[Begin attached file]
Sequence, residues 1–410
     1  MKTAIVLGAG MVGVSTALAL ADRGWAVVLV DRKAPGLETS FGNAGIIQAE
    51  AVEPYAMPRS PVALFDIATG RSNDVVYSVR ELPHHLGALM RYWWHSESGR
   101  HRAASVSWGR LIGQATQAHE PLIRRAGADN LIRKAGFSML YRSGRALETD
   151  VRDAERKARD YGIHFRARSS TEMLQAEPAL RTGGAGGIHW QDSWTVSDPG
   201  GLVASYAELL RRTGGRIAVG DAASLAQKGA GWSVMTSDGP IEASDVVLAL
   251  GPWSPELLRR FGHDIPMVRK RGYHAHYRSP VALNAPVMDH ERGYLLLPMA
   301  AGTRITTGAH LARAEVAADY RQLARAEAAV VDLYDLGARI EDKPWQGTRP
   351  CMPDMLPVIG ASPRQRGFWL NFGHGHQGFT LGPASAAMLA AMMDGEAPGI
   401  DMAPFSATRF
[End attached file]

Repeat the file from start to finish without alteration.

Sequence, residues 1–410
     1  MKTAIVLGAG MVGVSTALAL ADRGWAVVLV DRKAPGLETS FGNAGIIQAE
    51  AVEPYAMPRS PVALFDIATG RSNDVVYSVR ELPHHLGALM RYWWHSESGR
   101  HRAASVSWGR LIGQATQAHE PLIRRAGADN LIRKAGFSML YRSGRALETD
   151  VRDAERKARD YGIHFRARSS TEMLQAEPAL RTGGAGGIHW QDSWTVSDPG
   201  GLVASYAELL RRTGGRIAVG DAASLAQKGA GWSVMTSDGP IEASDVVLAL
   251  GPWSPELLRR FGHDIPMVRK RGYHAHYRSP VALNAPVMDH ERGYLLLPMA
   301  AGTRITTGAH LARAEVAADY RQLARAEAAV VDLYDLGARI EDKPWQGTRP
   351  CMPDMLPVIG ASPRQRGFWL NFGHGHQGFT LGPASAAMLA AMMDGEAPGI
   401  DMAPFSATRF